“The State is basically locking people up for even daring to be asylum seekers. It’s an issue that people feel so strongly about. We want to fight for the LGBT people in Direct Provision, but an end to that system is a win for everyone within it, not just the LGBT community.”
“It’s about making the world a better place for these people,” Ollie adds. “We also made sure to have a speaker from the Travelling Community at Trans Pride this year.
These issues are worldwide – we need an international outlook. Trans rights don’t stop at the border, trans rights know no boundaries.
“There’s a huge stigma within the LGBT community regarding Travellers and there’s stigma around being with an LGBT person within the Travelling Community. Unfortunately, the person wrote a speech but didn’t feel comfortable coming out to Pride to read it aloud, but he got someone who works in Travelling activism to speak on his behalf, which is good.”
Speakers from further afield spoke at the event, including one Brazilian trans person. The treatment of the LGBT+ community at the hands of far-right extremist President Bolsonaro has led to waves of people from Brazil seeking refuge in Ireland.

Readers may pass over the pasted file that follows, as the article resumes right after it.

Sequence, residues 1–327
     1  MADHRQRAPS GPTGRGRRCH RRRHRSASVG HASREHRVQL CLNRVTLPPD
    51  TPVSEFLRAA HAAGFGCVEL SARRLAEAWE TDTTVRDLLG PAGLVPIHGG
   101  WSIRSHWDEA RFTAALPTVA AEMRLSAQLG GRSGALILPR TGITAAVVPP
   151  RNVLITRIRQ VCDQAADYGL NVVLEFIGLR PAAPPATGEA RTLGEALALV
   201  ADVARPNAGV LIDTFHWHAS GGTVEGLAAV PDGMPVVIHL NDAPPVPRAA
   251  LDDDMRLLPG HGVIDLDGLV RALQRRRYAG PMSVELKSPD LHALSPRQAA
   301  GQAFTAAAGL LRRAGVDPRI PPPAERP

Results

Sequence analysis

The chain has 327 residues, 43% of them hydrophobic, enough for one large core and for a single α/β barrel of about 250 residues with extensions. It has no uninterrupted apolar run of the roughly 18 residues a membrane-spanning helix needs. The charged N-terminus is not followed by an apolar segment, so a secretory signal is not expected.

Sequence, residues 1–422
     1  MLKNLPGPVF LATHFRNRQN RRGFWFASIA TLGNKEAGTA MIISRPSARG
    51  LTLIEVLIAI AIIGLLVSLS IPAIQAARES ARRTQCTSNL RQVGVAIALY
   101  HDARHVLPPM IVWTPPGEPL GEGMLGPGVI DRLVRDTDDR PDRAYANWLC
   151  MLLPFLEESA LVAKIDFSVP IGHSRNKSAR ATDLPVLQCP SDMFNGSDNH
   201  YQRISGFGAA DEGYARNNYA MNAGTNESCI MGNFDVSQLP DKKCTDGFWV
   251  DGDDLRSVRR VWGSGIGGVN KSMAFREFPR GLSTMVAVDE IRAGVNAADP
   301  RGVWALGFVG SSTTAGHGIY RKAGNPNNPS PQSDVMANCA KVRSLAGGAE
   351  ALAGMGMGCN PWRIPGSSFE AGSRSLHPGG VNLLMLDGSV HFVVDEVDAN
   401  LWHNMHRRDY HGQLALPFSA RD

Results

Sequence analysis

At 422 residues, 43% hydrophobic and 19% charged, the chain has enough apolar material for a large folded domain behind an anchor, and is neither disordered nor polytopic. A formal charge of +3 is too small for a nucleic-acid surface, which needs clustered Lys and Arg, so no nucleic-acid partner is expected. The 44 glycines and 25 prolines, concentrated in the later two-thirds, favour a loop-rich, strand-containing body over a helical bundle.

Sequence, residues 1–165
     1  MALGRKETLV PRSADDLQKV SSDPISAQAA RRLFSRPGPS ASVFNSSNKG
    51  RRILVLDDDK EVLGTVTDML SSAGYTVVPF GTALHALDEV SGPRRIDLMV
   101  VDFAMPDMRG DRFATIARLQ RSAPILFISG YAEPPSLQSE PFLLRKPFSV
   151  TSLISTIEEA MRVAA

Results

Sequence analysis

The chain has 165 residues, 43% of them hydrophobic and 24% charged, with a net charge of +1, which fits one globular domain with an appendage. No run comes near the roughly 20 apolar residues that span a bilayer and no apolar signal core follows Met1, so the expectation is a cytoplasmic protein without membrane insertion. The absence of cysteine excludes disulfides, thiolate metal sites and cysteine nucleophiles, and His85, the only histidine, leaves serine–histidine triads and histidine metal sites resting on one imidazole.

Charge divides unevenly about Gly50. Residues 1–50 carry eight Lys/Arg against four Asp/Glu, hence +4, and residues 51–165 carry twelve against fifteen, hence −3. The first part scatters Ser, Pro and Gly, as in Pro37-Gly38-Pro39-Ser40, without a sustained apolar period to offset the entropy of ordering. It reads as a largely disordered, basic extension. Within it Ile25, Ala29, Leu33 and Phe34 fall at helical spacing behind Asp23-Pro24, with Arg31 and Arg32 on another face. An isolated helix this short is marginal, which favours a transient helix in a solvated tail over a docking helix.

“These issues are worldwide – we need an international outlook. Trans rights don’t stop at the border, trans rights know no boundaries.”
One of the most prominent issues for the community currently is healthcare. #ThisIsMe are a grassroots national campaign formulating online, who are battling against the system to achieve human rights for trans and non-binary people hoping to undergo gender reaffirmation surgery, obtain hormone replacement therapy or crucial mental health treatment.
Our political establishment and the HSE don’t give a sh** about trans people or their healthcare. We really need to build something that will get these people out of the trans healthcare system and give people education.
Only recently, TENI and BeLonG To have expressed “disappointment” towards proposed amendments to the Gender Recognition Act as it fails to fully implement recommendations relating to children under the age of 16 and non-binary people. At the beginning of November, it was made public that over 100 patient referrals to the National Gender Service at St. Columcille’s Hospital, Loughlinstown have been misplaced.